Using goodness of fit hypothesis testing and Benford's Law to detect online hacking
Howdy! I'm Professor Curtis of Aspire Mountain Academy here with more statistics homework help. Today we're going to learn how to use goodness of fit hypothesis testing and Benford's law to detect online hacking. Here's our problem statement: The accompanying data table lists leading digits of 317 inter-arrival Internet traffic times for a computer along with the frequencies of leading digits expected with Benford's law. The accompanying technology results are obtained when testing for goodness of fit with the distribution described by Benford's law, and H0 is rejected. What does this result suggest about the possibility that the computer has been hacked? Is there any corrective action that should be taken?
OK, we have a series of drop down menus for a fill in the blank statement here. So in order to understand what the right selections are in this drop down, we need to come to a conclusion with the hypothesis test. We look at our data here. Notice there's no icon here to slip the data into StatCrunch so we can actually perform a hypothesis test. That's because as was stated earlier in the problem statement, the hypothesis test has already been conducted for us. So if we click on this link here for the technology output, we see here are the results for our hypothesis test. Now we know in the problem statement it says H0 is rejected. We know our null hypothesis is rejected because --- look at the P-value. The P-value here is less than 1%. So no matter what significance level we're using, we're going to be inside that critical region, inside the region of rejection. And therefore we reject the null hypothesis.
We can get the same conclusion comparing the test statistic with the critical value. Goodness-of-fit tests are by definition right-tailed tests. So the critical region is the right tail of the distribution, the left boundary. That right tail is going to be our critical value, which here is listed as 15.5. Our test statistic, 20.9, is to the right of that left boundary. So we're in the tail that is the critical region, that right tail of our distribution. So we're in the region of rejection. So we reject the null hypothesis.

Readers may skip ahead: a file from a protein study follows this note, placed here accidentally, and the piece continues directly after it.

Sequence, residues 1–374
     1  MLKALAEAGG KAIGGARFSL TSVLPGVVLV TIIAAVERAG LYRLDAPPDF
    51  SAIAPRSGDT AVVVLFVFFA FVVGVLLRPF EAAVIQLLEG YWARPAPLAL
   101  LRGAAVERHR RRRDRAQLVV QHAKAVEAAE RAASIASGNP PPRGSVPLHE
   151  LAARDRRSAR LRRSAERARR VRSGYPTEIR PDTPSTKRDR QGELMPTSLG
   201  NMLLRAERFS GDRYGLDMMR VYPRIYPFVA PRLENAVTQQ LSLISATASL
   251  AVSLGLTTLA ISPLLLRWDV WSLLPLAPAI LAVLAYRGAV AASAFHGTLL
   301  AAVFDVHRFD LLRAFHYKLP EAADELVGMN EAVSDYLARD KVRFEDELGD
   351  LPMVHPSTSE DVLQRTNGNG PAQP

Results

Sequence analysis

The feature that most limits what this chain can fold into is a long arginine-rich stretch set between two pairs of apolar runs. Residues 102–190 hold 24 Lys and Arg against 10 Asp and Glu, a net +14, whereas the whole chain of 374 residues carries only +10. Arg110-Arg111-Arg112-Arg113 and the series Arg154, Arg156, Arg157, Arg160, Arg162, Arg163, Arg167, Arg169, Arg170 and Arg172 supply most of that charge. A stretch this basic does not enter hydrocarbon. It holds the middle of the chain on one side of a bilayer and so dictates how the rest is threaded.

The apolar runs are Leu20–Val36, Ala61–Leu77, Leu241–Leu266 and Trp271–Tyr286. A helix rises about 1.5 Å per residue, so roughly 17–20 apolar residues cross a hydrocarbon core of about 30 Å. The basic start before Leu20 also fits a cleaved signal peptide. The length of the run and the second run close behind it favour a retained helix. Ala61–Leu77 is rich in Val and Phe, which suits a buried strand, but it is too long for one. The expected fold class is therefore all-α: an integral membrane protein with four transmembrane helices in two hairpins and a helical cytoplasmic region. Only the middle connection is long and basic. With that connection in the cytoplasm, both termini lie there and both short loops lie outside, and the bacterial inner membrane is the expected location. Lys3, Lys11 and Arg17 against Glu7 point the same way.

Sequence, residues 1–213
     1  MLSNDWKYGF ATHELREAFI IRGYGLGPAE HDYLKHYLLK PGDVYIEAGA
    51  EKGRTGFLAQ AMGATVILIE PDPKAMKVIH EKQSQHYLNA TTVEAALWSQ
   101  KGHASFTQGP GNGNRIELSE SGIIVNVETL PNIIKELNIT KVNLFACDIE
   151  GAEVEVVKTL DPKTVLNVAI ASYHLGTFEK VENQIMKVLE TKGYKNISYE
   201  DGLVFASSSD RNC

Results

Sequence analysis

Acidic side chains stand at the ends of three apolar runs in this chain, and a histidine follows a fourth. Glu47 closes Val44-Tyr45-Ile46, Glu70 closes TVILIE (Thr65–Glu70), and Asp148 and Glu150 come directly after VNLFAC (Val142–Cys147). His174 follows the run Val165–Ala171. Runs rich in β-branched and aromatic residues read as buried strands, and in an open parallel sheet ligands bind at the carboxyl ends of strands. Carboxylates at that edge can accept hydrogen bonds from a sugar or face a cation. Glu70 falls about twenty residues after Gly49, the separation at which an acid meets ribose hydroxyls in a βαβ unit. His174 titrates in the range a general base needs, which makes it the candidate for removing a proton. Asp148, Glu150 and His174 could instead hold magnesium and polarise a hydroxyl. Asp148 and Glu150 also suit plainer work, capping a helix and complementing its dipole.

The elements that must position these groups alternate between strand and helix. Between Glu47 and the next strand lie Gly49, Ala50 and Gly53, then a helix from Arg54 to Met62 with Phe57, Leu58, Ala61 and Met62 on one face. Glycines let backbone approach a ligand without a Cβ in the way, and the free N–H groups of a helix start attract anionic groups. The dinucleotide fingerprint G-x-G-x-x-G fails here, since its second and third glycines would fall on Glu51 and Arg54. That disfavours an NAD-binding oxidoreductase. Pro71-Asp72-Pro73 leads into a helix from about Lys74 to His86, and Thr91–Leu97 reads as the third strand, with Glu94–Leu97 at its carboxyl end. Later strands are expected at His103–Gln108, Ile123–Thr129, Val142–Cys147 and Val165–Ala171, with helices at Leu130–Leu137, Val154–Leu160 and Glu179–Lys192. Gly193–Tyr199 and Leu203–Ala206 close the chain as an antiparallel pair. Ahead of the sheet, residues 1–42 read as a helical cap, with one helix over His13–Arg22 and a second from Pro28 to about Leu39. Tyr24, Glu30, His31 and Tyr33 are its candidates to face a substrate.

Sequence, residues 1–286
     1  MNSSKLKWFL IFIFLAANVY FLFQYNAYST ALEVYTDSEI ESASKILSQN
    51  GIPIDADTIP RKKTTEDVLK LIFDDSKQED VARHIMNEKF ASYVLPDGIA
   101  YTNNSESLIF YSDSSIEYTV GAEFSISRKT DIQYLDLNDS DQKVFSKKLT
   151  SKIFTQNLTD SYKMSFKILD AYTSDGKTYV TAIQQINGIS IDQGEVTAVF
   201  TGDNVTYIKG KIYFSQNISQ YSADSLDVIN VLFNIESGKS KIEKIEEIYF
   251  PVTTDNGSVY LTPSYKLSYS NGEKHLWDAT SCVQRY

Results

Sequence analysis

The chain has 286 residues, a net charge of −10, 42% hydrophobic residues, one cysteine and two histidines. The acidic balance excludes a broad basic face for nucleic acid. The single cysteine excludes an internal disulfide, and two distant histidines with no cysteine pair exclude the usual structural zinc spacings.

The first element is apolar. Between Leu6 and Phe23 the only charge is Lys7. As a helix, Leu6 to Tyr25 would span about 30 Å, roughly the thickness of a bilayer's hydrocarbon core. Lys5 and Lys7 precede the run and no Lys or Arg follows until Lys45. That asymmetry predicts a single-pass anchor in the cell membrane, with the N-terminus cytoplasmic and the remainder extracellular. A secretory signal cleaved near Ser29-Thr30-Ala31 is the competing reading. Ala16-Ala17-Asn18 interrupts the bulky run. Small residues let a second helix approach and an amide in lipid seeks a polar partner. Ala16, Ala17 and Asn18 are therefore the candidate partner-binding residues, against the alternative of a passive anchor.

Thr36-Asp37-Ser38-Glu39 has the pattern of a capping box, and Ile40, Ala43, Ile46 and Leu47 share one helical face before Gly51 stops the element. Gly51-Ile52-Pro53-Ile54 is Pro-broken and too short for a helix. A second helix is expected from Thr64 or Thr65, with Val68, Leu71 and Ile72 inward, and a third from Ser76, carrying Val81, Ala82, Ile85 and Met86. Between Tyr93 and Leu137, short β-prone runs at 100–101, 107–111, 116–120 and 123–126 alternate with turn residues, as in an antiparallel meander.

Rejecting the null hypothesis means that the distribution that we're seeing doesn't fit the distribution we're comparing it to, which in this case is the one for Benford's Law. So I go back to my data table. What we're saying is that this distribution here with these frequencies does not fit the distribution here with Benford's Law because we rejected the null hypothesis. The null hypothesis says that everything's the same, everything matches up. So that's not what we see here because we rejected the null hypothesis.
So because the leading digits of inner arrival traffic times do not fit the distribution described by Benford's law, it appears that those times are not typical. Benford's Law is a description of typical times. So if we don't fit that distribution, the times we do have are therefore not typical. And therefore there's probably some good evidence that the computer has been hacked, because if it hadn't been hacked, then we would be conforming to Benford's law. Because we don't, then there's some evidence here that says, yeah, we were probably being hacked. And if you're being hacked, then of course you're going to need corrective action. I check my answer. Good job!
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4/28/2020 02:35:26 pm
These videos have been a life saver! Since the shutdowns from Covid19 I have been struggling with my stats class. My teacher is no help at all and I've been relying on these videos., thank you so much.
12/5/2020 11:45:20 am
You are a god tier teacher. My teacher sucks and leaves us to learn through the textbook and its videos. These videos have been clutch and are really well explained. Currently at 95% in the class thanks to you!
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